Training Season deals with some Edge play, which I loved! Blake managed to describe the idea of Power Exchange and I got that these two men were emotionally involved with their sex. The sex is not just for titillation, but moves the relationship and character development:
Matty’s cock ached, throbbing with every touch of Rob’s hand. His hips jerked in rhythm with the strokes, desperate to reach climax. He vision swam and his throat stung the fruitless search for air. When Rob released his nose, Matty sucked in air so loudly that it was all he could hear, huffing through his nostrils like a race horse.
“Good boy.” Then the air was gone again.
Matty flung his head back on Rob’s shoulder, his entire body shaking and his heart pounding so hard that it resounded in his fingertips and toes. Rob’s whispers came through to him, words of encouragement and affection. “So good…so fucking beautiful and sweet…come on. Good boy, let go, there…like that. Let go.”
And this is what Matt needs, the ability to let go and know that he is ok. That being Matty is acceptable. His entire life has focused on what these judges think about him and they have determined his self-worth. This scene demonstrates that Matty has found a support in Rob, something that he has never really felt despite the support of friends and family.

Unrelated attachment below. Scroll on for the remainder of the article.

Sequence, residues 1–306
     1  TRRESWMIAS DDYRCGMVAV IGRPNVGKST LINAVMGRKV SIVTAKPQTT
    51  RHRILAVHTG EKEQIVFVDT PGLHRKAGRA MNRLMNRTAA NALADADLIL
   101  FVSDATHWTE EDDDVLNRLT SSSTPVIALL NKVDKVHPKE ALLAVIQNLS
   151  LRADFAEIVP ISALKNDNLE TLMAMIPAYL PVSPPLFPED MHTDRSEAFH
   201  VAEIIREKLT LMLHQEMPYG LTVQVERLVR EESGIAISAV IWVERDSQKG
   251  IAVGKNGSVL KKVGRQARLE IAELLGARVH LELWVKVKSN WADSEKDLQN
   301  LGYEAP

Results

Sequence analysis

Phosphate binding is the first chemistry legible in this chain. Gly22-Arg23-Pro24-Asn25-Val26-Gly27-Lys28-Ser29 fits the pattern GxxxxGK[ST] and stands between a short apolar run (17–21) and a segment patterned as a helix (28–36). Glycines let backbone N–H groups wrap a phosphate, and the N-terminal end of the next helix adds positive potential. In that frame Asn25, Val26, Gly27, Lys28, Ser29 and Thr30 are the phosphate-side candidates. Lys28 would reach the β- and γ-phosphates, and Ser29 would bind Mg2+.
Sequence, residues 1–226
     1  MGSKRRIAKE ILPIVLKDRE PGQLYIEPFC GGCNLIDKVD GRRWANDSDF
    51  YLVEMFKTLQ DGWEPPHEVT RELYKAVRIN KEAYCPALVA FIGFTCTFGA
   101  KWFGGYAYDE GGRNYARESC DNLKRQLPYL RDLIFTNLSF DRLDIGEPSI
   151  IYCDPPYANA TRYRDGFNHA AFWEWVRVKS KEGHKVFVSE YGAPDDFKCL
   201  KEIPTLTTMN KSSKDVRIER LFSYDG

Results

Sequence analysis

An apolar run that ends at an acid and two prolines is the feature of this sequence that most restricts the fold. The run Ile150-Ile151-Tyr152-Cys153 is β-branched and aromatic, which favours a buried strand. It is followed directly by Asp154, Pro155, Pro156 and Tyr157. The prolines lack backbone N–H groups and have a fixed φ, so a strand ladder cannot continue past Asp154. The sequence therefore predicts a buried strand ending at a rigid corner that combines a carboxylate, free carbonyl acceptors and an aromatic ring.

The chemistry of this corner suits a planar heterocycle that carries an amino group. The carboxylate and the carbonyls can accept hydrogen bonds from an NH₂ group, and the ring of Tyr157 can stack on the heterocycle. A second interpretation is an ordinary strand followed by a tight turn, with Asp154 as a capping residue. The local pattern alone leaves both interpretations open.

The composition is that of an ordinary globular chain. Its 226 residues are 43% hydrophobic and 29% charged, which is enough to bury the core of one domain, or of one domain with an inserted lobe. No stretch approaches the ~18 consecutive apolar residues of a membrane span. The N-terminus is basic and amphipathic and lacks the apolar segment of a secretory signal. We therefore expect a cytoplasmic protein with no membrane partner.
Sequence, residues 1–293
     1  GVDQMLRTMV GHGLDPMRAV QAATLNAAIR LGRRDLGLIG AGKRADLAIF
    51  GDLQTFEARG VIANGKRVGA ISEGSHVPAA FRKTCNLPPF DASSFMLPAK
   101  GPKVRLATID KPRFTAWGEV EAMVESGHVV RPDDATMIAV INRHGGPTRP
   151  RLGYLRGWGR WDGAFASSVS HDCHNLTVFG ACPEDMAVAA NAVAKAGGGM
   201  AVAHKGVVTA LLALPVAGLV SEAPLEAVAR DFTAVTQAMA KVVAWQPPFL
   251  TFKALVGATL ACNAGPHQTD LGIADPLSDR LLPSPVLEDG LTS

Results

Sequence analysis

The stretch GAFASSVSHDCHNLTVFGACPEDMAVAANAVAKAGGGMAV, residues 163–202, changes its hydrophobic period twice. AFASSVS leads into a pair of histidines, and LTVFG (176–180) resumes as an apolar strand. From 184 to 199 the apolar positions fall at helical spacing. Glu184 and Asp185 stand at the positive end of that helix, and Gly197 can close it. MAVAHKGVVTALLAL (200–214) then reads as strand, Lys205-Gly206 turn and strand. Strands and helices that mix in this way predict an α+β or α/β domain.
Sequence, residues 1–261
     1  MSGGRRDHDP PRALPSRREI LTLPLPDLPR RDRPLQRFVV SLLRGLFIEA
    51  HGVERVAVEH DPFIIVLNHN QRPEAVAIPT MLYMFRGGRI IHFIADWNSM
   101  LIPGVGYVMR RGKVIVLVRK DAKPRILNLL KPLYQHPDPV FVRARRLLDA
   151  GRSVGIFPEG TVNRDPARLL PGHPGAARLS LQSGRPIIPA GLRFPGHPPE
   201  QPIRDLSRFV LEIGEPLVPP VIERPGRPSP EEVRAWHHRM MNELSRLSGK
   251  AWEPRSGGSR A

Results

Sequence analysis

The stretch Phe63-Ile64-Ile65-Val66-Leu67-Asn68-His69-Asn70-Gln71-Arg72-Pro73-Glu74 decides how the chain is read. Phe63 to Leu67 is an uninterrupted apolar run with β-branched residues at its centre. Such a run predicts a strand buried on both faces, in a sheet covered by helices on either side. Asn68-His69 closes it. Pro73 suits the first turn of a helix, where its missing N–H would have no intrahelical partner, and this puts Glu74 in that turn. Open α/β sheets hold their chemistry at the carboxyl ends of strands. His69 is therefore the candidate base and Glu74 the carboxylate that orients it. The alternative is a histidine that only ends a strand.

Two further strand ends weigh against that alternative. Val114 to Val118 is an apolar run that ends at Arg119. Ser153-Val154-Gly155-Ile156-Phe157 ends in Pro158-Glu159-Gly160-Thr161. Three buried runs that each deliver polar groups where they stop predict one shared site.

What could be better?
This is the hard section of the review. Usually when I give a five-star review, there is very little that I would change. I would say that getting Rob’s perspective would have given me a better view of Matt and to “get into Rob’s head”. It is not a deal killer, just something that I would have enjoyed.
When I read a book, I want to feel the impact. Just reading a fluffy book might be fun, don’t get me wrong. But most of the time I want books of substance. Training Season By Leta Blake is a quality book that deals with complex issues and has a sophisticated theme. I admit that I was angry at first at the ending, not because it was not happy, but it was not a Disney ending. Yet, the ending was realistic and heart-felt. We get our HEA, but we get something so much better than that: a metamorphosis of two men who go from letting others determine their own happiness and success to unfettered men reaching for their own happiness.